To App Or Not To App

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To App Or Not To App: You might find this strange and surprising if you know how much l love talking about technology and social media. It’s even surprising to me, because Red Mango is frequently recognized in the restaurant industry for being at the forefront of new media, which is largely driven by technology. And yet, the 230-unit national chain that Red Mango has become doesn’t even have an app. Hmmm….

Those of you who are familiar with both restaurants and social media would likely characterize Red Mango as a leading innovator in that space where these two industries intersect (yes, a Venn diagram comes to mind). At the end of 2012, Red Mango was ranked by Nation’s Restaurant News as one of the top 10 brands in what is known as the Restaurant Social Media Index (“RSMI”, http://nrn.com/ meet-restaurant-social-media-index), alongside the likes of much larger and well-established chains like Starbucks and Chipotle. And when it comes to technology, which is a prerequisite to social network citizenship, Red Mango is equally well versed and forward thinking.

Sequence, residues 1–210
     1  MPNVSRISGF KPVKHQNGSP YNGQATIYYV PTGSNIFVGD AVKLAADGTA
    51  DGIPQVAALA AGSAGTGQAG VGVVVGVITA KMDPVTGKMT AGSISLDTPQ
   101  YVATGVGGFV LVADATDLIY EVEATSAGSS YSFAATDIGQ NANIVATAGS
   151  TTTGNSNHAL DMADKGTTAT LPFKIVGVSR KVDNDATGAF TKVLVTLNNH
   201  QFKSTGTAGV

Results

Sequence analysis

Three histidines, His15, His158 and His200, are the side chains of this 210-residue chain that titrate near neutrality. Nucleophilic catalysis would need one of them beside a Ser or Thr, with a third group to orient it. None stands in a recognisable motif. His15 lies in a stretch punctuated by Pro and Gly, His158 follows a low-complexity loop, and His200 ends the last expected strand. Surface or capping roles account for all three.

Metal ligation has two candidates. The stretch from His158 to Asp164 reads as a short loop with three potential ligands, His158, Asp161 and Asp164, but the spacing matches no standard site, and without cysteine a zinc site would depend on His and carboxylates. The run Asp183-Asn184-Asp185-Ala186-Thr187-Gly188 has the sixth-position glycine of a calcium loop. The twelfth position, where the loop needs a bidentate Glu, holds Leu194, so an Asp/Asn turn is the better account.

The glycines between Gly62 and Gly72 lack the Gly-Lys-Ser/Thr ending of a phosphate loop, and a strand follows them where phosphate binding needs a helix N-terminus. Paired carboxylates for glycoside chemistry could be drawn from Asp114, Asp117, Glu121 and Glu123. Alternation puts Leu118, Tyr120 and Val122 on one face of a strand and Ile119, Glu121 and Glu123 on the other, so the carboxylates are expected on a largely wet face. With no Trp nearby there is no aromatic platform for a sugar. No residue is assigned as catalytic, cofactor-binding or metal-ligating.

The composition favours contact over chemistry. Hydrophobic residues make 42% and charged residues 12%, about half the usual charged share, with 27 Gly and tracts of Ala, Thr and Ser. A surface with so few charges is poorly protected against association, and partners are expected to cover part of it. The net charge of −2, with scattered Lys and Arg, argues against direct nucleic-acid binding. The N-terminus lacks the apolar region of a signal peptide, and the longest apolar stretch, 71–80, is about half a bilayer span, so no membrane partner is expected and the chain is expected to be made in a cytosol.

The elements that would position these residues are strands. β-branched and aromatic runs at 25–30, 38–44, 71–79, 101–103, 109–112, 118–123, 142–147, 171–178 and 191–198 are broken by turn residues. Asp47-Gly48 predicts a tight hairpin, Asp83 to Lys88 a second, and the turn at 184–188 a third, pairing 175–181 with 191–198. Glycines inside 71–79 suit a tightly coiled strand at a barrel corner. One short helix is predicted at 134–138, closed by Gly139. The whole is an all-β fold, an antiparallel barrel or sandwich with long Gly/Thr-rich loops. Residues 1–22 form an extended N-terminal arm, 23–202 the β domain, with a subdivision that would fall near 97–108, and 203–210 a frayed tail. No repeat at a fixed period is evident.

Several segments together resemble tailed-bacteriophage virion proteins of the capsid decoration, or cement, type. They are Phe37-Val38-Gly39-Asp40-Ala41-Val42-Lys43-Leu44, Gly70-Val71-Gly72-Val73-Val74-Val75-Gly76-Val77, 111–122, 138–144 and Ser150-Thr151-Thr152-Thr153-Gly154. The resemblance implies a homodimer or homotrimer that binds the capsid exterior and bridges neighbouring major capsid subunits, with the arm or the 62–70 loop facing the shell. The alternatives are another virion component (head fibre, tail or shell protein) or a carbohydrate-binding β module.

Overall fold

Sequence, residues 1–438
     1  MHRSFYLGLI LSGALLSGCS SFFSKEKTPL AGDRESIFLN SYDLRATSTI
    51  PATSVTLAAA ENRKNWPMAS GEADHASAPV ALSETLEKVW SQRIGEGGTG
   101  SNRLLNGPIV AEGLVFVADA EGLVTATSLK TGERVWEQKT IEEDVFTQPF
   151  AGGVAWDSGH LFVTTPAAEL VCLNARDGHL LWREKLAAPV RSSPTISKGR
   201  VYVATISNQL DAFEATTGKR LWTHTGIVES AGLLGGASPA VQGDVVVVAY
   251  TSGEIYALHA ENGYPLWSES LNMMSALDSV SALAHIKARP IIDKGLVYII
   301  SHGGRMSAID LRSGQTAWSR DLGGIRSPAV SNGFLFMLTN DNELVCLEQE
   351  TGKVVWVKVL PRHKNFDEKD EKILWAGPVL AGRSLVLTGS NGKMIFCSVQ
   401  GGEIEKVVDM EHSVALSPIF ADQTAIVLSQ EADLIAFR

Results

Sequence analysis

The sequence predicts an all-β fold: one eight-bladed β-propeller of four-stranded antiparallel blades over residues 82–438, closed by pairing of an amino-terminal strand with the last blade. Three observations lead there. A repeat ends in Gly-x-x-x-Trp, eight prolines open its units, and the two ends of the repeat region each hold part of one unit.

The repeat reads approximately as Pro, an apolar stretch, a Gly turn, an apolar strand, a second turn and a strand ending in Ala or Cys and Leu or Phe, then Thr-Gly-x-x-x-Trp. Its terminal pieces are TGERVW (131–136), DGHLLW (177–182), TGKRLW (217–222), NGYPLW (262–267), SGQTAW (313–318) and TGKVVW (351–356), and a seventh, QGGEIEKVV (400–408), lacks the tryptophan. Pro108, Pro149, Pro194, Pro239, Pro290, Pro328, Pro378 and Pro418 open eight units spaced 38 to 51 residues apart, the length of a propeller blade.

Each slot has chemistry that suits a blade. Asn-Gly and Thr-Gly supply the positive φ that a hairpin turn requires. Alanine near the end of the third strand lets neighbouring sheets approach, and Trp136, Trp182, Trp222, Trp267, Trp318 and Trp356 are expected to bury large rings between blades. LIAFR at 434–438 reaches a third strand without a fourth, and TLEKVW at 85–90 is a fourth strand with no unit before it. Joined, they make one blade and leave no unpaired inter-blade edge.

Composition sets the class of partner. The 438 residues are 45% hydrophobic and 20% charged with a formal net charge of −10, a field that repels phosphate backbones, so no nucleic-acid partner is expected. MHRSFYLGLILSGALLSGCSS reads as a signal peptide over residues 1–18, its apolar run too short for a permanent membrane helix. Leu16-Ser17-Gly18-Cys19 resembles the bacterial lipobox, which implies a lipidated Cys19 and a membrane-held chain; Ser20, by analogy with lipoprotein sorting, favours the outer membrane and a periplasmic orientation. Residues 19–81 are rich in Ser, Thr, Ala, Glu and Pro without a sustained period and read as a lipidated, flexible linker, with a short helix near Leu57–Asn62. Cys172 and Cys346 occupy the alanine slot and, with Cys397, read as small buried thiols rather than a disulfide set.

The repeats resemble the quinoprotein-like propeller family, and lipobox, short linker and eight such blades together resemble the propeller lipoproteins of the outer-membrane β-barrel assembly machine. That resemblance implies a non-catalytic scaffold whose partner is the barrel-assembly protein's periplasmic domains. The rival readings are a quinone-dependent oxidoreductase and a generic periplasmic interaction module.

Solutions like a fully integrated cloudbased POS system, a cutting edge digital guest loyalty program, and systems that can profile customer activity across online and offline channels, are all part of the our brand’s DNA. Yes, technically, there currently is an app that bears the Red Mango name, the simple one that was released last year for iPhones and Android devices. But it is really a generic white-label app that Red Mango doesn’t own. This app was developed and is managed by Paytronix, the Massachusetts-based company that runs our guest loyalty programs for Red Mango as well as other multi-unit retail chains. Paytronix did this on behalf of us retailers in an effort to make it easier for customers to signup for our loyalty programs. But during the past 5 years, which was a time when the app industry grew exponentially, I intentionally held back on developing a custom Red Mango app. Customers and franchisees always asked me why I wasn’t developing an app, especially since “everyone else” was doing it. Even my own management team challenged me in the same way.